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Don’t expect the bumpy ride that RV stocks have experienced on Wall Street this year to smooth out until interest rates settle down and consumer confidence stabilizes.
At least, that’s the indication from the investment community, which follows the RV industry and has grown methodical in taking the pulse of the industry and guiding their clients accordingly.
As the summer and chief selling season of 2006 wind down, rising interest rates and consumer confidence have trumped the demographics which otherwise bode well for the industry’s future. How else to explain an industry’s plight that seems to have so much going for it:
* Its “sweet spot,” the aging Baby Boomer market of 55-64-year-olds, is growing by 350,000 people each month and is expected to grow at the rate of 48% by the year 2010.
* Boomers age 55 or older comprise just 27% of the U.S. population but control 75% of the nation’s wealth.
* RV wholesale shipments through June were up 14.3% year-to-date compared to the industry’s best year in a quarter century.
Despite all this, the investment community views the RV industry as if it were on steroids.
“Consumers are slowing down,” Tim Conder, an analyst with A.G. Edwards & Sons, told Reuters news service. “They’ve tapped their home-equity lines of credit. Rates have gone up. They’re paying more at the gas pump. They’re tapped out.”
Bob Simonson, an analyst with William Blair & Co., agreed and said the pullback by consumers was moving beyond the drop in demand for pricey adult toys like boats and RVs.
“We’re on the verge of something that, if it isn’t a recession, is going to feel like one when we’re done,” he said. “It’s the most discretionary and higher-priced items that go first. They’re the canary in the coal mine.”
Wall Street has been bearish toward that “canary” since springtime. The price per share of the 15 stocks regularly tracked by RV Business magazine for its readers has fallen by 12% in the three-month period following April 20. And the stocks of just three OEMs, Thor Industries Inc., Skyline Corp. and Featherlite Inc., closed on July 20 higher than where they stood at the start of the year.
Over that time period, the Dow closed 4% lower, while the Nasdaq closed 12% lower.
Even what would seem on the surface to be good news, such as in early July when the Recreation Vehicle Industry Association (RVIA) reported that May towable shipments were up 20% from a year ago, one analyst turned that into a negative and the market for RV stocks turned downward.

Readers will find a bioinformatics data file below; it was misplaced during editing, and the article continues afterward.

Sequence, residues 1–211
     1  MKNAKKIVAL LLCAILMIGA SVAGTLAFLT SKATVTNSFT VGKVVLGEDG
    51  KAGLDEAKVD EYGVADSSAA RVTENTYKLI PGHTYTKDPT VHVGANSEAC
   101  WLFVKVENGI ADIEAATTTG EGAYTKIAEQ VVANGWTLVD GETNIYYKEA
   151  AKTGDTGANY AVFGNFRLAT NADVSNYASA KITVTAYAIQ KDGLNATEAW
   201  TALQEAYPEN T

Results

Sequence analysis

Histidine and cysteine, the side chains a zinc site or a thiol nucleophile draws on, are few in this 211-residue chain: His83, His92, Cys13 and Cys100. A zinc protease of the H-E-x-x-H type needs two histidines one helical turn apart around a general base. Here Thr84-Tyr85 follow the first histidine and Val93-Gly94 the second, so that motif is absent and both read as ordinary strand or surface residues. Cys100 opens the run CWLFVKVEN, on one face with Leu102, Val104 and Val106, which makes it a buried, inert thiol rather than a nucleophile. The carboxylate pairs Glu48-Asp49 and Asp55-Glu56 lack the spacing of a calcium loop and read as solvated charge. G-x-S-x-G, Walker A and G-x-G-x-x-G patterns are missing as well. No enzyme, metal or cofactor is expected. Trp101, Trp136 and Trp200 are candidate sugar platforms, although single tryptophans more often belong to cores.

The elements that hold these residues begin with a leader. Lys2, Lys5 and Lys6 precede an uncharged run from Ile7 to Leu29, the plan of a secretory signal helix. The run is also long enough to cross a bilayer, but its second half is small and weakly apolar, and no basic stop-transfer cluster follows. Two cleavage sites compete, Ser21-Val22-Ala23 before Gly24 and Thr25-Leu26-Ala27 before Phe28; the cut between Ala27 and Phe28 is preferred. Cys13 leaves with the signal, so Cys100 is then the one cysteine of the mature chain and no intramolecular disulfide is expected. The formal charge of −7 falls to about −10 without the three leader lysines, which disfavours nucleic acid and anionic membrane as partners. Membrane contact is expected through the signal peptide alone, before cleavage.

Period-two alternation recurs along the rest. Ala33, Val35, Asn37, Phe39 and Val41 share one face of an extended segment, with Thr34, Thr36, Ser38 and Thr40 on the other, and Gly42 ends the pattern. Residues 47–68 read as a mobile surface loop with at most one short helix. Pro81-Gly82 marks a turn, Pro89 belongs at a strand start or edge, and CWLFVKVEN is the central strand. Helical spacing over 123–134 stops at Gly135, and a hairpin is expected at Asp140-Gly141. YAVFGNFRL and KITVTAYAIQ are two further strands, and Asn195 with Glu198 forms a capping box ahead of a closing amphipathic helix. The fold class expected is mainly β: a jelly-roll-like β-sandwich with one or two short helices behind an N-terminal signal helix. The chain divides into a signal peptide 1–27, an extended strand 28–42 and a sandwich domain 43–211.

Edward Aaron of RVB Capital Markets caused the stir right after July 4 when he said in a client note that strong increases in towable shipments indicate that dealers are raising their exposure to towables, despite slowing retail trends. RV stocks, including industry leader Thor Industries Inc., fell on his analysis.
John Diffendal, a certified financial analyst with BB&T Capital Markets sounded much of the same tone in his market letter in late July, after RVIA reported wholesale shipments of travel trailers were up 23.3% in June.
“The primary takeaway,” he wrote, “is that travel trailer strength continues, which further intensifies the fears that the industry has overshot the mark on production in the face of weaker retail numbers. May retail towables data was up only 0.2% with travel trailers up 2.7%, and fifth wheels down 3.4%. We believe the obvious fear is that the industry will have to intensify discounts to clear rising inventories and overcorrect on a production basis.”
Indeed, it is clear that the RV industry is in “a down cycle” in the eyes of Wall Street, even if some companies are recording good years, said Jeff Lambert, president of Lambert, Edwards & Associates, a Grand Rapids, Mich.-based consultant to the industry.
Lambert said Wall Street has become astute at looking beyond mere wholesale shipment figures, which through June were up 14.3% from a year ago, and lean heavily on their own private analysis and other, more telling industry numbers, such as retail registrations compiled by Statistical Surveys Inc. Those numbers showed registrations (retail sales) of motorhomes fell 11% in May, and 13% year-to-date, marking the 15th consecutive month of lower retail volume, while towables were up 0.2% in May and 0.9% year-to-date.
“The investment community doesn’t think the RV industry will turn around until the end of this year, if you look at current valuations,” he concluded.